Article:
Regardless of how a homeowner decides to use it, finishing a basement gives a new and more intentional purpose to an otherwise overlooked space. Many times when Gehman first sees a project, it’s an unfinished basement where homeowners have multiple things going on—storage in one corner, exercise equipment in another and a rug dedicated to children’s playtime somewhere else. He says that finishing that space gives it a more deliberate appearance and gives those using it a much more enjoyable experience.

“This space is sitting there, they're probably using it for something already. … now they're saying, ‘You know what, we're spending so much time down here and I'm tired to look at the concrete walls and open ceiling joists so let's finish it off,’” Gehman says.

After figuring out what they want the space to be used for, homeowners must also decide the style their newfound space embodies.

The experts agree that the overwhelming majority of clients are looking to make their basements what Kornea calls an “extension of the house.” In other words, they want to make the level feel less like it’s underground and more cohesive with the rest of their home’s decor.

“People don’t want it to look or feel like a basement anymore,” Gehman says. Drop and suspended ceilings are telltale signs of a basement, which is what his clients are steering away from.

“People don’t even like to call it a basement. We call it a ‘finished lower level,’” Gehman explains. Of course, it’s difficult to mask this reality when many lower levels don’t have large windows or high ceilings. That’s where, Kornea says, clients opt for walkout style basements, allowing an exit and entry as well as the opportunity for natural light and that above-ground feel.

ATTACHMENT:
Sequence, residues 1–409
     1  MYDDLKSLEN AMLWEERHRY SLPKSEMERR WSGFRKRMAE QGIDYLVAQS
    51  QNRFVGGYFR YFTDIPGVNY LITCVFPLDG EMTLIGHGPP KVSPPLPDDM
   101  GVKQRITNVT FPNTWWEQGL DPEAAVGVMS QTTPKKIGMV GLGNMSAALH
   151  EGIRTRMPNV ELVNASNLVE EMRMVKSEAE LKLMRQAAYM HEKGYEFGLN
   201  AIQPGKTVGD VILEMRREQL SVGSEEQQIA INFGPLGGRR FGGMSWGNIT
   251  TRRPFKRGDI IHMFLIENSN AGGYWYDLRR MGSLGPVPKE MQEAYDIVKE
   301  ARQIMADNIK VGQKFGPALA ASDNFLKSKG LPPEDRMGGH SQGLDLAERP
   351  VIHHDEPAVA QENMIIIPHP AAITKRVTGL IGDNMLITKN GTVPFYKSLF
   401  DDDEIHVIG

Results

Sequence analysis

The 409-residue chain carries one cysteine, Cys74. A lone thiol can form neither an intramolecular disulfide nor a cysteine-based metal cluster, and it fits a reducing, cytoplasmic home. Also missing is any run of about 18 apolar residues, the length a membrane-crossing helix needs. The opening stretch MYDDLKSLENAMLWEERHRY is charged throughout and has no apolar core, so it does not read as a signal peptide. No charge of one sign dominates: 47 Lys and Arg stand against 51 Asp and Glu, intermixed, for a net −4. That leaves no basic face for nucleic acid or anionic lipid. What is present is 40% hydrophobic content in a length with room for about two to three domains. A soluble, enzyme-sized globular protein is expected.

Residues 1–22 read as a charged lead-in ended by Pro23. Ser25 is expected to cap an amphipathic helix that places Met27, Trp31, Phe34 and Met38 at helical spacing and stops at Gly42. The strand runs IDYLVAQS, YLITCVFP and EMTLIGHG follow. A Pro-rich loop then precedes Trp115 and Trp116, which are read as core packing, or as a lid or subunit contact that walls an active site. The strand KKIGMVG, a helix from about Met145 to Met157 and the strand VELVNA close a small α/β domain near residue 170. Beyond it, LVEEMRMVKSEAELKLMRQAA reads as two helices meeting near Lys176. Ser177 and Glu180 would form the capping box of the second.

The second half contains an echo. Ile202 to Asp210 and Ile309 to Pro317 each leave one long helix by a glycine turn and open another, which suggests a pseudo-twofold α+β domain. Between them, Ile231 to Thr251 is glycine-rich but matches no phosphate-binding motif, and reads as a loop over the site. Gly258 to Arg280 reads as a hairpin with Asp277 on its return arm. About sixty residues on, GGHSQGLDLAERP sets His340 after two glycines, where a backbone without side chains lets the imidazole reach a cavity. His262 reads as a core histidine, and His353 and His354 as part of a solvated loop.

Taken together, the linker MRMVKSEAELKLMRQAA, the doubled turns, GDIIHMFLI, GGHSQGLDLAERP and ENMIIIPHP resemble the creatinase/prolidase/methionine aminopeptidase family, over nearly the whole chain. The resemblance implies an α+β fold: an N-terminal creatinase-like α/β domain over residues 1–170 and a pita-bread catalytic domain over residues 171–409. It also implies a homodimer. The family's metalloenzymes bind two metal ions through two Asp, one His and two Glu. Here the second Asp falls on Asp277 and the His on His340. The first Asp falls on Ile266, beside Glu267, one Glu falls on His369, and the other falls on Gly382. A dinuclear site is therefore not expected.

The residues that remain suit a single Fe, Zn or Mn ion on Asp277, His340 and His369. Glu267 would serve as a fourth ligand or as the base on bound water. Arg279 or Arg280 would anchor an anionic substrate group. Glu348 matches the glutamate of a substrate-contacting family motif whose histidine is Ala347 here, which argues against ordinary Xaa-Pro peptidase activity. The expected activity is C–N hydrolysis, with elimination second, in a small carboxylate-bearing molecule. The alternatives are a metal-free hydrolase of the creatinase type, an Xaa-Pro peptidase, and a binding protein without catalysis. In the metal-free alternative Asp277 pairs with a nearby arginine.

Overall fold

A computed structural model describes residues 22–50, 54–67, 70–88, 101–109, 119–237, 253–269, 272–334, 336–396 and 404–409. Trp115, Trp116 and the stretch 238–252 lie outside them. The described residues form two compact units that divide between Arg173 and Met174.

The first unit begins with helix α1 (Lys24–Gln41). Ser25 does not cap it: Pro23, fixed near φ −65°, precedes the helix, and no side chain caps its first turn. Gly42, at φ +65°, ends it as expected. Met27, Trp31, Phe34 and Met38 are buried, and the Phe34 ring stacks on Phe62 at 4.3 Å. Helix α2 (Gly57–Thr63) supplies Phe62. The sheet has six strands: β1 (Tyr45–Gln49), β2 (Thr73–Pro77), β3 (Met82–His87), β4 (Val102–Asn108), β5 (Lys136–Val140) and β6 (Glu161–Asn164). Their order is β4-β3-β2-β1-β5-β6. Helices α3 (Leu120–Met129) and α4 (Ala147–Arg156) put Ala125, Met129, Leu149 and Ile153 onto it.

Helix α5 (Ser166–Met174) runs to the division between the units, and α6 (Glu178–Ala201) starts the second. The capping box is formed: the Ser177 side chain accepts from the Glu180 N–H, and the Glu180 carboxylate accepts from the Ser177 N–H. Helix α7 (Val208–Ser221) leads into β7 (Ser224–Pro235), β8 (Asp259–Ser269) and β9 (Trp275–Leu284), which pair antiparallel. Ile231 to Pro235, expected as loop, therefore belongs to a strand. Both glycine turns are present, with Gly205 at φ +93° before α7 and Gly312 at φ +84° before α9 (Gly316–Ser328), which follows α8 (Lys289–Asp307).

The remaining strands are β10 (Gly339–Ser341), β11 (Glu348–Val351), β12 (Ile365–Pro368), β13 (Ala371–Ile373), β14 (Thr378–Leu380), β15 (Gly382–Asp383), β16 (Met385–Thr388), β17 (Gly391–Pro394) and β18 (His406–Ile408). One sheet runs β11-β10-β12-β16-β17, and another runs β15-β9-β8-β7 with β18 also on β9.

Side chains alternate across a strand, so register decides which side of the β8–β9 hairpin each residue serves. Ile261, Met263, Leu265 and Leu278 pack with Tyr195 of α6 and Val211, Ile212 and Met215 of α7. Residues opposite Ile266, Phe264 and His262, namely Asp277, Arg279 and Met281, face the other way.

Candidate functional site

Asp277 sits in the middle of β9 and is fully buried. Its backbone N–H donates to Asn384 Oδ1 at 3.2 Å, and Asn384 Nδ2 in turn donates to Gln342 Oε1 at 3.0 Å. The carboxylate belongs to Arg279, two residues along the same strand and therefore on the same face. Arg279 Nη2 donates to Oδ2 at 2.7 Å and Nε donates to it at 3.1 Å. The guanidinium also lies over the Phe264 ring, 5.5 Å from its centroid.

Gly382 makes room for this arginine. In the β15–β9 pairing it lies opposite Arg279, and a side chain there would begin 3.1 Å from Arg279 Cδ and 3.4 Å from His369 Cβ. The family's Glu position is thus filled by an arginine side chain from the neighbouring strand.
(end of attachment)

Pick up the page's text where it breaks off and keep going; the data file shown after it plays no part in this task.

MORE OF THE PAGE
A lot of the “basement feel” also comes from the flooring. Bob Pop, owner of Transylvania Concrete Coatings, is seeing a trend in the flooring that people are choosing for their personal gyms, man caves and television rooms.

Pop says that “seamless, resinous floor” like polyaspartic or polyurea flooring has become the most popular for finished spaces because people are becoming more and more educated on the topic.

“It is durable, tough, anti-bacterial, anti-microbial. In the event of flooding, it would not get damaged and is easy to clean,” Pop explains, adding that the typically popular carpet and floating floors have a lot more issues with mold.

That being said, adding an area rug or two is a great way to incorporate pops of color, warmth and comfort into any basement space while maintaining the practicality of hard flooring.

These spaces, regardless of how you use them or how you decorate them, are crucial square footage that can add value to a home and the lives of those residing there. Families feel pride in showing off their luxurious downstairs den instead of closing the basement door every time they have guests over.

Gehman Design Remodeling
Harleysville, Pa.
(215) 513-0300

LBK Design Build
Doylestown, Pa.
(215) 675-5000

Transylvania Concrete Coatings
Serving South Jersey
(856) 212-1109

Published (and copyrighted) in House & Home, Volume 23, Issue 2 (November/December 2022). 
For more info on House & Home magazine, click here
To subscribe to House & Home magazine, click here
To advertise in House & Home magazine, call 610-272-3120.

Request Estimate
Get a Free Estimate from Local Trusted Experts!